As Zoë replaces the lid of the electric kettle – having steamed the envelope open – her eye is caught by that stark statement.
Unintentionally, the two stories I chose to read from Cheating at Canasta for Cathy & Kim’s A Year With William Trevor, were both about adultery.
The Room featured a 47 year old woman who decides to punish her husband for the affair he had nine years ago by having an affair herself. Naturally, being a William Trevor short story, there is much more to it than that. Moral dilemmas abound for the protagonist, Katherine.
In Old Flame moral dilemmas are explored once again and it is the wife’s version of events that we experience in both cases.
Charles had a love affair with a work colleague, Audrey, five years into his marriage with Zoë. Audrey’s closest friend (plain, plump) Grace seems to have an invested interest in the affair and encourages and supports Audrey to keep things going, even when it becomes apparent that Charles passion has waned and that he has chosen to stay with his wife and children after all. He informs Zoë of the affair and his decision to stay. But Zoë knows more than she lets on as she has been steaming open his letters from Audrey.
Zoë feared this correspondence once, and hated it.
Years later, their children grown and left home, Zoë now 74 is still steaming open the letters and eavesdropping on phone conversations. This day she discovers that Grace has died. Charles arranges for one last lunch date with Audrey. All three know that without Grace’s imput, the ‘old flame’ will finally fizzle out. Or at least, that is what Zoë is hoping for.
The old flame bore him now, with her scent and cigarettes and her cellophane butterflies…. One day, on her own, she’ll guess her friend was false. One day she’ll guess a sense of honour kept pretence alive.
Once more Trevor writes about a couple operating with an extraordinary amount of restraint and reserve. And secrets.
The affair is never discussed after the initial outrage, neither are the occasional platonic lunch dates that Charles disappears off to every once in a while. Zoë believes that Charles’ intense feelings for the affair have long since subsided and that he only continues with the lunch dates out of a sense of loyalty to his old feelings. Zoë’s jealousy and anger have also been worn down by the passing of time. She takes comfort in Charles’ loyalty to her and their marriage.
In Katherine’s case in The Room, this wasn’t enough. She decides to leave the marriage. But Zoë chooses forgiveness instead. I think.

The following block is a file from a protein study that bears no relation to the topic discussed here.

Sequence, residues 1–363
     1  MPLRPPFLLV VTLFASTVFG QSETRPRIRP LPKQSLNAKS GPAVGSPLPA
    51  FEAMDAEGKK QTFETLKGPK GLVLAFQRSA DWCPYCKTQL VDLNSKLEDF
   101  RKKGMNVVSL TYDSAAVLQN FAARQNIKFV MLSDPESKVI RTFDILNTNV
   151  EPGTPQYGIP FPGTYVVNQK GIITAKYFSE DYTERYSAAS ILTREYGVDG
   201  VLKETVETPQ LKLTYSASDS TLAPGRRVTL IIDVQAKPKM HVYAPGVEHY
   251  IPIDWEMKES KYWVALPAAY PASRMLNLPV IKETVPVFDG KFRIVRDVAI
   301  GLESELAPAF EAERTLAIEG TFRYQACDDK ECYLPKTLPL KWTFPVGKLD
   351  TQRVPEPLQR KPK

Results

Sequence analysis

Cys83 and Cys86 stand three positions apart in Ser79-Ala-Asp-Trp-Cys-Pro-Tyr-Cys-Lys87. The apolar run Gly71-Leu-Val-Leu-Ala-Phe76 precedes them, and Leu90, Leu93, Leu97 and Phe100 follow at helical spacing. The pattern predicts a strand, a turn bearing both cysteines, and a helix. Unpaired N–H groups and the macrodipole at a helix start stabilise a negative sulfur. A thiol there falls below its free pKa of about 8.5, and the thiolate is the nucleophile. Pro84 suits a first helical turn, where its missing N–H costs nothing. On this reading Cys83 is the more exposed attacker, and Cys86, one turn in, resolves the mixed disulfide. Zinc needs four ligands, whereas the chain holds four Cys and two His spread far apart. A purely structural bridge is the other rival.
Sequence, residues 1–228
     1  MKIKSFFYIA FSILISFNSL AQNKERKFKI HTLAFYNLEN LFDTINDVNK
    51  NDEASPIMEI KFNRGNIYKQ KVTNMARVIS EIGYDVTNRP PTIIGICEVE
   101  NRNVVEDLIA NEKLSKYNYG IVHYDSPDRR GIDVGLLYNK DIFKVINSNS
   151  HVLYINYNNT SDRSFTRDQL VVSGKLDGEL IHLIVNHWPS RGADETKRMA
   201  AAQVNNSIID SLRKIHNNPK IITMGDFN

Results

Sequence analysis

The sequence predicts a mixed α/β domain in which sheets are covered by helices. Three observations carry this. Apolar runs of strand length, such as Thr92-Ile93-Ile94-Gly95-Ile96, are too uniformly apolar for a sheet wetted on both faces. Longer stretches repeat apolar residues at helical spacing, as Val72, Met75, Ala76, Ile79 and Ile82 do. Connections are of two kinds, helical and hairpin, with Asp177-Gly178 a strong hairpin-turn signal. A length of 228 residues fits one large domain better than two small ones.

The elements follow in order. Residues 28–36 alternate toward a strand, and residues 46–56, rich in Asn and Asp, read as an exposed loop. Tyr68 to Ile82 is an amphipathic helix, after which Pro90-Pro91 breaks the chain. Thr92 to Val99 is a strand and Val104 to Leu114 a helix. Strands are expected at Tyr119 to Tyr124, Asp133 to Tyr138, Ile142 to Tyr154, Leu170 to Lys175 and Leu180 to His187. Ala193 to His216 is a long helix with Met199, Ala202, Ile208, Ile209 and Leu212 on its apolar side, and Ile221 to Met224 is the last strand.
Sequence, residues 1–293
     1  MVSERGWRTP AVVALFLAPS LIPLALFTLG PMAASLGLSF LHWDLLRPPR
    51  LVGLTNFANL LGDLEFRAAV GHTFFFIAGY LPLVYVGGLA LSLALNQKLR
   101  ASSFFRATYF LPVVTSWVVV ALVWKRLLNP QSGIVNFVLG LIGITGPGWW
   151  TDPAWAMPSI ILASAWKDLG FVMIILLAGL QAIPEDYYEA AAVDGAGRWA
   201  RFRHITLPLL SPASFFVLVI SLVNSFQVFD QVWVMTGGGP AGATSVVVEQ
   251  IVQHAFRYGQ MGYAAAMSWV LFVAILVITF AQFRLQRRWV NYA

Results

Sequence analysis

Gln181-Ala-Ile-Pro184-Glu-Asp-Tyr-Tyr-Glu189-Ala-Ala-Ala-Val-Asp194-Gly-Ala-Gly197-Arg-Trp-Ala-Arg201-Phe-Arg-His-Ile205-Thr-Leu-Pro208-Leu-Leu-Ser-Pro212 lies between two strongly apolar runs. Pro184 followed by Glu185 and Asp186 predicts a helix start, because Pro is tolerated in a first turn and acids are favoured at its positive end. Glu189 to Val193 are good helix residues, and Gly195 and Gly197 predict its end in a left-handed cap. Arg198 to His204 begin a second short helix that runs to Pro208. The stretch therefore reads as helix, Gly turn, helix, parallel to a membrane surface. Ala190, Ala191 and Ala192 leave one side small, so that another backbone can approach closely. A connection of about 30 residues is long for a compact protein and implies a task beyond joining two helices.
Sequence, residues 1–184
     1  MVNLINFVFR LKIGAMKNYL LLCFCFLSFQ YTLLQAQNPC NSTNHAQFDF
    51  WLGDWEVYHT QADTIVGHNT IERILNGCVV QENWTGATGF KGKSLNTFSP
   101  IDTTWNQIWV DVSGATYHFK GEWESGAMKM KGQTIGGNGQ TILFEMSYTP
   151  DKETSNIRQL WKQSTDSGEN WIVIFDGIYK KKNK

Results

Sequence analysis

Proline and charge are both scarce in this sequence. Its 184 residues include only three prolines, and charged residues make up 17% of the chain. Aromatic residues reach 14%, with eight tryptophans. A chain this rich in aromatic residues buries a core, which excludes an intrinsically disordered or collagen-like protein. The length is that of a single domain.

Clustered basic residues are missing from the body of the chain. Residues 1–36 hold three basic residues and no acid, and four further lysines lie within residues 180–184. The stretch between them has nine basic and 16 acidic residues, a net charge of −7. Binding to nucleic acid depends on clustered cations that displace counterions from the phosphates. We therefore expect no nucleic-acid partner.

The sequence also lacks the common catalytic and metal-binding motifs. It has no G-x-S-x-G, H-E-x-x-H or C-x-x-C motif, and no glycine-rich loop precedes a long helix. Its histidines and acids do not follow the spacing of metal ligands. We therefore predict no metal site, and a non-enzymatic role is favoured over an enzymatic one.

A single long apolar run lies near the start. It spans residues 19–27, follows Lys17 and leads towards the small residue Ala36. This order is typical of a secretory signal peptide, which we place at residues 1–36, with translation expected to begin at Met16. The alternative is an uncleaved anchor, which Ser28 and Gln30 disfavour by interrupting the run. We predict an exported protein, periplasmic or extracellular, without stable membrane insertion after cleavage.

No one told him that keeping faith could be as cruel as confessing faithlessness.
Like so many of Trevor’s stories, there is an air of uncertainty to the ending. A level of deceit exists on all sides, yet no-one is judged. Zoë is another of his characters who has had her share of disappointments and who prefers not to look too closely at her comforting delusions.
We don’t know for sure if the luncheon played out as Zoë imagined it. We’re not completely sure how reliable she is as a narrator either. She never tries to excuse her behaviour, yet somehow she seems sincere.
I suspect that Trevor was also leaving clues behind when he tells us that Charles’ favourite book to read when unwell is Little Dorrit, and at the end of the story Zoë is about to sit down to watch an afternoon movie, a rerun of Barefoot in the Park.
William Trevor: A Short-Story Master’s Life Work | 10 Jan 2011 | Maureen Corrigan
Trevor is a master of capturing those small shifts in consciousness that shatter someone’s world….[his stories] compose a quietly devastating argument for the beauty and power of the short story form as tool for cutting to the quick of human desire and vulnerability.
- Read with Cathy @746 Books & Kim @Reading Matters for their reading event – A Year With William Trevor #WilliamTrevor2023
Title: Old Flame Author: William Trevor Originally published in The New Yorker 25 Feb 1991 Then published in Cheating at Canasta 2007 And in my 2011 edition of William Trevor Selected Stories Penguin Books pp. 434-544 Date Read: 28 January 2023
- This post was written in the area we now call the Blue Mountains within the Ngurra [country] of the Dharug and Gundungurra peoples.
2 thoughts on “Old Flame | William Trevor #IRLshortstory”
I wonder if Zoe plumps for acceptance rather than forgiveness, but then I haven’t and won’t read the story. Indeed I’m feeling a little overwhelmed by all the Trevors popping up just now.